Skip to main content

Jack Merriman

Content Marketing Manager

How to Make a Coffee Hotter

For a lot of coffee shops, their regular visitors are after one thing: an actual HOT coffee. Typically the older demographics visiting a café during the day, they are seeking a hot beverage that they can sit with and enjoy for a long period of time. But why is a properly hot coffee so hard to come by? All they’re looking for is a nice cappuccino that doesn’t come Lukewarm and go cold within 5 minutes.

‘Aha!’ – says the barista. ‘Don’t they know that milk can only be steamed to 70 degrees maximum before it starts splitting and ruining the drink? How laughable, the idea that a milky coffee can be served above drinking temperature.’

Come on now. As the barista, your primary function is to serve your customer. Go out of your way to give your customers exactly what they want. Education has its place, but for the most part, your customers don’t want to receive a lecture when they complain their coffee is too cold.

In this article, we’re going to cover some of the basic tips you should implement when a customer asks for an extra hot coffee, or if your regular visitors often complain that the coffee isn’t hot enough.


Pre-heat the Cup as Best you Can

Now, pre-heating the cup is something you should be doing for every hot drink, if possible. A cold cup will immediately bring down the temperature of your finished drink and significantly reduce the amount of enjoyment time for your customers. Thankfully, the majority of espresso machines will help you a little along the process. By keeping your cups stacked on top of your espresso machine, some of which may have dedicated cup-warming functions, you’ll be able to take the cold edge off of your cups.

However, more must be done when a customer asks for an extra hot coffee. Using the hot water tap of your espresso or bean to cup machine, make sure to properly preheat the cup with hot water for at least a few seconds before pouring the drink. In testing, we found a beneficial difference of 10 degrees Celsius when comparing a room temperature cup with one that had been properly preheated for just a few seconds with boiling water.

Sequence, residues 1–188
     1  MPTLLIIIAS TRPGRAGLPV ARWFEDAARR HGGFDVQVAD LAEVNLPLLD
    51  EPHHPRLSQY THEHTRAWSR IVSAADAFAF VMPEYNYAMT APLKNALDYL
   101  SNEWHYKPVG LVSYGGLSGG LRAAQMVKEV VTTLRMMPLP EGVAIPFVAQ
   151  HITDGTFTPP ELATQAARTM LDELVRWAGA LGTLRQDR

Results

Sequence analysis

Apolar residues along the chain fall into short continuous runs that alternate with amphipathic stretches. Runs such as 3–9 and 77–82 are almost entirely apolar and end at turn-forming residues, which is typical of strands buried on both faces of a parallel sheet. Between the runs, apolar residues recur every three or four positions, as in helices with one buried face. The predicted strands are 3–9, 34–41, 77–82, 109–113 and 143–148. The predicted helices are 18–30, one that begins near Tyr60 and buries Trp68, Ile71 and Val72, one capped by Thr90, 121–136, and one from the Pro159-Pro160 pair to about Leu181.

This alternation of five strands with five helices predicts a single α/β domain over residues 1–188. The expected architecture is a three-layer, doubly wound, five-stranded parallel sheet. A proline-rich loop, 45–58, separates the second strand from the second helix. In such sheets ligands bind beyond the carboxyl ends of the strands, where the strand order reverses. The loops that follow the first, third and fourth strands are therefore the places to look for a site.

Another, more energy efficient way of keeping your cups extra hot is to consider investing in a kitchen heating cabinet for storing a large number of cups at a high temperature. This is likely only a viable solution for sites going through enough volumes of coffee where the financial and space investment is worth it.

No matter the method, properly pre-heating your cup is not only going to ensure that the drink stays hotter for longer, but also adds the perception of an even hotter drink when the customer picks up the cup and feels the heat.

Temperature Strip or Thermometer for your Milk Jug

Steaming your milk towards the top end of its temperature but not so hot as to start affecting the flavour, is a fine line. You may have heard the tip of placing one hand on the bottom of the milk jug during steaming, and stopping as soon as the jug is too hot to touch.

This is a good rule, but you can keep steaming slightly longer than this – 70 degrees is pretty much the limit in how hot you can steam a jug of milk. To get just shy of 70 and get as much heat into your drink as possible, consider practicing with a thermometer inside the jug, or by using a jug with a heat strip on the side. Once you’re comfortable with using these aids in getting the right temperature, you’ll likely be able to get it right through practice, repetition and muscle memory.

Larger Drinks have Better Heat Retention

The title says it all here – larger drinks will stay hot for longer compared to smaller drinks. In testing, a 6oz flat white dropped to 35 degrees after 15 minutes, whereas a 12oz latte measured at 45 degrees. Where possible, consider serving a larger drink that will stay slightly hotter for longer, and give your customers more to enjoy over a longer period of time.

Suggest Water Based Drinks over Milk Based

Whereas milk can go up to 70 degrees, water can go up to 100. Whilst your coffee machine will dispense hot water that is just shy of boiling point, it will still be significantly hotter than steamed milk. An americano can therefore be served at a much hotter temperature than a cappuccino for example.

When a customer requests an extra hot coffee, it could be beneficial to suggest an americano with a splash of milk rather than a fully milk-based coffee. This can be served much hotter and will therefore stay hotter for longer too. Often, a little communication can also help you discover exactly what the customer is asking for, especially if they order something a vague such as a ‘milky coffee’.


Failing All This, Just Go Hot! 

As we said at the start, your role is to serve your customers. If it’s an extra hot coffee they want, it’s your job to make sure they get it.

If you have tried all of the tips above whilst properly steaming your milk, and your customer still comes back and asks for it even hotter, there’s only one thing left to do: make it hot.

This might go against every instinct you’ve learned as a barista, but if all else fails, this is the last option. Pre-heat the cup and take your milk up to 80 degrees, before serving it with a smile. It won’t be the most delicious drink you’ve ever served, but at this point you will have already explained this to the customer and offered alternatives. This extra hot, split milk coffee may not be to your preferences, but it will be familiar and comforting to many, so don’t stress about it. 

Need Help Serving Consistently Great Coffee?

Watch our 3 Tips for Serving High Quality Coffee Every Time!

3 Steps for Improving Coffee Shop Consistency